The latest spat comes as tensions continue to flare up in the South China Sea.

Last week, China started military training drills in parts of the waterway in a five-day exercise expected to conclude on Tuesday. This came only days after the US began a large-scale, all-domain 26-day military exercise with Britain, Australia and Japan in the Indo-Pacific region, the first drills of the kind in more than four decades.

Earlier this month, India also announced that it would send a task force of four warships to the South China Sea and the western Pacific for a two-month deployment, during which it would join

Quad partners the US, Australia and Japan later this month in the Malabar 2021 exercises. There has also been talk of plans for a Quad leaders’ summit in the US next month.

The US-led Quad, or the Quadrilateral Security Dialogue, has alarmed Beijing which sees the grouping as a part of efforts to contain China’s influence in the region./.

Vietnamese Prime Minister Pham Minh Chinh attends the UNSC High-level Open Debate on “Enhancing Maritime Security – A Case for International Cooperation” which was held virtually on August 9. Photo: VNA

In his remarks at the UNSC High-level Open Debate, Vietnamese Prime Minister Pham Minh Chinh affirmed that as a littoral state, Vietnam comprehends profoundly the immense value of the sea as well as challenges to maritime security.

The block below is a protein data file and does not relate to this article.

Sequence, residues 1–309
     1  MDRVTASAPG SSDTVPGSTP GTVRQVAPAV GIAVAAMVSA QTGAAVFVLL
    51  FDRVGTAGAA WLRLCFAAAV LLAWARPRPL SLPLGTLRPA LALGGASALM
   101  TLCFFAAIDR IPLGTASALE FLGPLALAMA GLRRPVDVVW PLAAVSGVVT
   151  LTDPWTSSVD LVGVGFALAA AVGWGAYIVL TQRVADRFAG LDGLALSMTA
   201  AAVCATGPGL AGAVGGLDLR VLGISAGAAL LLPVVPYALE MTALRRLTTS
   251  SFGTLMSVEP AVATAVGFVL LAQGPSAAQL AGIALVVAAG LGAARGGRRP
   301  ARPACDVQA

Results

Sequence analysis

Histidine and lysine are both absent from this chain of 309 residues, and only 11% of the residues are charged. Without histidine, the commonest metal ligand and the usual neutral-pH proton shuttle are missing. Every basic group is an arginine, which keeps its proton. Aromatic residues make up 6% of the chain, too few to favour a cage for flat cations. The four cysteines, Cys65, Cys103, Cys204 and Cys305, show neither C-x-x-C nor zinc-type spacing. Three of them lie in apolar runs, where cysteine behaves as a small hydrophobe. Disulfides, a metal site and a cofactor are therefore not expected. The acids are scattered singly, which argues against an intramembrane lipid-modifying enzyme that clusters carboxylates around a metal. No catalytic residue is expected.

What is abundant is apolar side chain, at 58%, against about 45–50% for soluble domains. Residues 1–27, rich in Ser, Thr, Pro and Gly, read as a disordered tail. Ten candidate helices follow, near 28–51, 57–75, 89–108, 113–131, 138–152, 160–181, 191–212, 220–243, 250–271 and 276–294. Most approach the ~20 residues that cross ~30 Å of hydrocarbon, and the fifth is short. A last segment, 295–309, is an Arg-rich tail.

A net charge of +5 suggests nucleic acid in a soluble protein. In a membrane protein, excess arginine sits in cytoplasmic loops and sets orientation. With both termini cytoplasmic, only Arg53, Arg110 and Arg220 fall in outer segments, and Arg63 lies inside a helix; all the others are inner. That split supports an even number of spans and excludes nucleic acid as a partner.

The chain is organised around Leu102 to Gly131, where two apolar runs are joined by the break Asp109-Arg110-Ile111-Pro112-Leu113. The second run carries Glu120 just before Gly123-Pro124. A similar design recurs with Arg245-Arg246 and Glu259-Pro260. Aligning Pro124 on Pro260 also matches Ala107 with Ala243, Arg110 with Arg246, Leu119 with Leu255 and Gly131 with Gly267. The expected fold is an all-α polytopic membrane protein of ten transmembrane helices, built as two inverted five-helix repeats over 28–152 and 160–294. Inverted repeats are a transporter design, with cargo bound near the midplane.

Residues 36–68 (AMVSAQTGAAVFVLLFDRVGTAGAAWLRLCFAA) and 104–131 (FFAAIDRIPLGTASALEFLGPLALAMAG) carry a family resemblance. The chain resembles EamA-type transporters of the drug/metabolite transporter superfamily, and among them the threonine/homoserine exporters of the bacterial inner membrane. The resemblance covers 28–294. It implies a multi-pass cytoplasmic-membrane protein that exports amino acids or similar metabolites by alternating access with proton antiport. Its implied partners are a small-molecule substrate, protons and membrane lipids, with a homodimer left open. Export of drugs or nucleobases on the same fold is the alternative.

Vietnam stands ready to cooperate, exchange information and share experience with other countries in efforts to address maritime security issues and to contribute positively to the maintenance of a peaceful and secured maritime environment, and sustainable development in the region and the world, he said.

Chinh raised three proposals to effectively tackle challenges to maritime security.

First, it is imperative that states and international organizations develop a comprehensive, extensive and broad awareness of the importance of oceans and seas, and the threats to maritime security.

Second, maritime security is a global issue and therefore requires global solutions.

Vietnam proposes the development of a network of arrangements and initiatives for regional maritime security with the United Nations working as the coordinator, to bolster information and experience sharing, coordinate actions, and address common challenges in a timely manner.

Third, the policies, regulations and conducts of states at sea must be in line with international law, especially the United Nations Charter and UNCLOS 1982.

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Rosy Huong